You may have noticed that a few weeks ago we added a brand new range to the site - Honeywell Doorbells.
We're always on the look out for new devices that can be leveraged into our Home Automation systems and we know from past experience that Honeywell make excellent products, so it was a no-brainer to add their doorbell range!
This was quite a timely introduction since my own doorbell was in need of an upgrade. Although it's currently integrated into my HA set-up and works well enough, I've been looking for something a bit more up-to-date for a while now.
I also had a few unique requirements:
- I work from home & listen to loud music, so a replacement doorbell would need to be LOUD so I can hear it, or have the ability to use multiple chime units so I can install one in my office as well.
- During the hotter summer months I work from a garden office, so the ability to have audible / visual notification out there too would be good.
- My house has a side gate to the rear garden and often couriers and delivery drivers will come to the side gate first before ringing at the main front door, so having additional bell-pushes would also be useful.
I know that technically I could implement all this using the existing set-up - a Fibaro Door & Window Sensor currently notifies my Z-Wave controller whenever the doorbell is rung anyway, so I could add Z-Wave sirens or relays to extend this fairly easily.
But the Honeywell devices looked really cool and I tend to try and make sure that all my Smart Home systems run completely autonomously and be 100% reliable with any Smart aspects as a nice-to-have addition on top. This makes it much more acceptable to the rest of the family and ensures things carry on working normally even if there is an issue with the smarter parts of the system!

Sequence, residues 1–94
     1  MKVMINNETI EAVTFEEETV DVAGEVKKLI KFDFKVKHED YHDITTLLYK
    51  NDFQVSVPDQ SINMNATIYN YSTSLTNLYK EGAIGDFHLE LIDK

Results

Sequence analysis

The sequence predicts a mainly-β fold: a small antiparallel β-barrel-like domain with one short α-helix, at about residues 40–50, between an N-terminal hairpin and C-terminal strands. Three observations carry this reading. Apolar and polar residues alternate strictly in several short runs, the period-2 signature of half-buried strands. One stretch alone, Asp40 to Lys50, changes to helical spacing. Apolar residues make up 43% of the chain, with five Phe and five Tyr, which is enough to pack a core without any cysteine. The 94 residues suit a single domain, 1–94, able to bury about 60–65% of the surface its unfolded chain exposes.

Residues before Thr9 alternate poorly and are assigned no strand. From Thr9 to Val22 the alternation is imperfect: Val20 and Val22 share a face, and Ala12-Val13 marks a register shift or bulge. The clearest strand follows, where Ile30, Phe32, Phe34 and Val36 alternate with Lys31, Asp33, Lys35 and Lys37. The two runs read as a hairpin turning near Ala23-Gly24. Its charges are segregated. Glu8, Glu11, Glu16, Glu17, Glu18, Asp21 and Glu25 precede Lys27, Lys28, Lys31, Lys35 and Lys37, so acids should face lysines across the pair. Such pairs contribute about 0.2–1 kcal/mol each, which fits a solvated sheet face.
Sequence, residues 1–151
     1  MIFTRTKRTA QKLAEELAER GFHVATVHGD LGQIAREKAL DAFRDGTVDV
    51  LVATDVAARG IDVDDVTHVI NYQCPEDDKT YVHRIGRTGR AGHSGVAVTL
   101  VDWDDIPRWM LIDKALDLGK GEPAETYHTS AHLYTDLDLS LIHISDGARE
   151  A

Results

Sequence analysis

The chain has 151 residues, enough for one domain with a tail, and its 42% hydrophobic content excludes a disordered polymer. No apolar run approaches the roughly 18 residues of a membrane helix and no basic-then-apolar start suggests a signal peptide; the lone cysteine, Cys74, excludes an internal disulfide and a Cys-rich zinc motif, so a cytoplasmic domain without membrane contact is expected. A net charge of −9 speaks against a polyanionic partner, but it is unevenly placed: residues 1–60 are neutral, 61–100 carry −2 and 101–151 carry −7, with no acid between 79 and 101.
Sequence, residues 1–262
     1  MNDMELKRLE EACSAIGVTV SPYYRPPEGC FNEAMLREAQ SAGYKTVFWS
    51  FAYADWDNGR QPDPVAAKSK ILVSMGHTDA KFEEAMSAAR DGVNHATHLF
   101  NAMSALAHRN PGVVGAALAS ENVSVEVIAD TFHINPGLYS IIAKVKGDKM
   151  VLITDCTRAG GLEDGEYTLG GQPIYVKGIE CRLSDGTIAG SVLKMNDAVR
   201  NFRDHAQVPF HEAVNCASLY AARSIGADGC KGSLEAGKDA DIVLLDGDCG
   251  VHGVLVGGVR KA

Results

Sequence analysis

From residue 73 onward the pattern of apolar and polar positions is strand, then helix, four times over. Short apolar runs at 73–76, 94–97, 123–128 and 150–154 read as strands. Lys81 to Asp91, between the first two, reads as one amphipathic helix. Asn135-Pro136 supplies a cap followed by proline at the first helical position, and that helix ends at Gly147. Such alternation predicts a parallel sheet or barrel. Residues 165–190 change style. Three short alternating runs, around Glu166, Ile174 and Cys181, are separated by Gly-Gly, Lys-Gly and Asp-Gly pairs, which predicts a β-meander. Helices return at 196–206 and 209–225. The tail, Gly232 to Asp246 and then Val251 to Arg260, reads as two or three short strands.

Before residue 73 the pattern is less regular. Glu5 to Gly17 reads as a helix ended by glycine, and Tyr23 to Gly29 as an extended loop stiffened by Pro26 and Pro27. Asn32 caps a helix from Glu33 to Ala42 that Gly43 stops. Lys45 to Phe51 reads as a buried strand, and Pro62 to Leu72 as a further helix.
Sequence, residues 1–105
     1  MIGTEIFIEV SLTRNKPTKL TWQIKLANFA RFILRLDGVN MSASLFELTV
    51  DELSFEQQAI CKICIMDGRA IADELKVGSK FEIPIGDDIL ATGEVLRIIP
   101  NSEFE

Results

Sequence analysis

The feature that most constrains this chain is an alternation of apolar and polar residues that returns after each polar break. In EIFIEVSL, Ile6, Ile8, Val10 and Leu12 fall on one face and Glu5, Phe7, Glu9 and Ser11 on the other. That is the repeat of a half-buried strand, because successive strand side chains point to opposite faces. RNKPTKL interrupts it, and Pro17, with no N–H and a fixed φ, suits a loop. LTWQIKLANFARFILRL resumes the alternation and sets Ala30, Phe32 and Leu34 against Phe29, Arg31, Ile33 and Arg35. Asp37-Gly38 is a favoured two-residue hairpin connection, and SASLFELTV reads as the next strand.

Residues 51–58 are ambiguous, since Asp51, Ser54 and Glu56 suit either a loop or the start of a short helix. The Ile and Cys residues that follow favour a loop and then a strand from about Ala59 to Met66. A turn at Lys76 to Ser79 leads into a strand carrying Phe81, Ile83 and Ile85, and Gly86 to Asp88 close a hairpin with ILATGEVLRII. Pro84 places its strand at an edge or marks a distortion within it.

I chose these two kits to give me two chime units (one for the main house and one for the garden office) as well as two bell-pushes - a wireless one for the side gate and a wired-to-wireless one for the front door (because I wanted to retain our existing brass bell-push).
A really cool feature with the Honeywell Doorbells is that you can mix and match bell-pushes and chime units and link multiple bell-pushes to a single chime unit or a single bell-push to multiple chime units! So I knew that this should allow me to meet all of the requirements laid out above.
One slight disappointment was that while the bell-pushes came with batteries the chime units themselves didn't, so it's worth ensuring you have the correct batteries to hand to coincide with your order being delivered.
We can forgive Honeywell for this though as the DC515NG just uses AA batteries which I always have a good supply of to hand and while the DC915SCV uses C-Cells it can be powered from a standard micro-USB power supply as well. That's also not included either though, but most of us will have these knocking around somewhere I'm sure!
Other than that, both kits come with absolutely everything in the box that you'll need to install them, all the screws, brackets and sticky pads are present. The chime units can also be left free-standing if you don't want to wall-mount them - they have nice little rubber anti-slip strips on the bottom and this allows them to sit unobtrusively on a shelf or sideboard.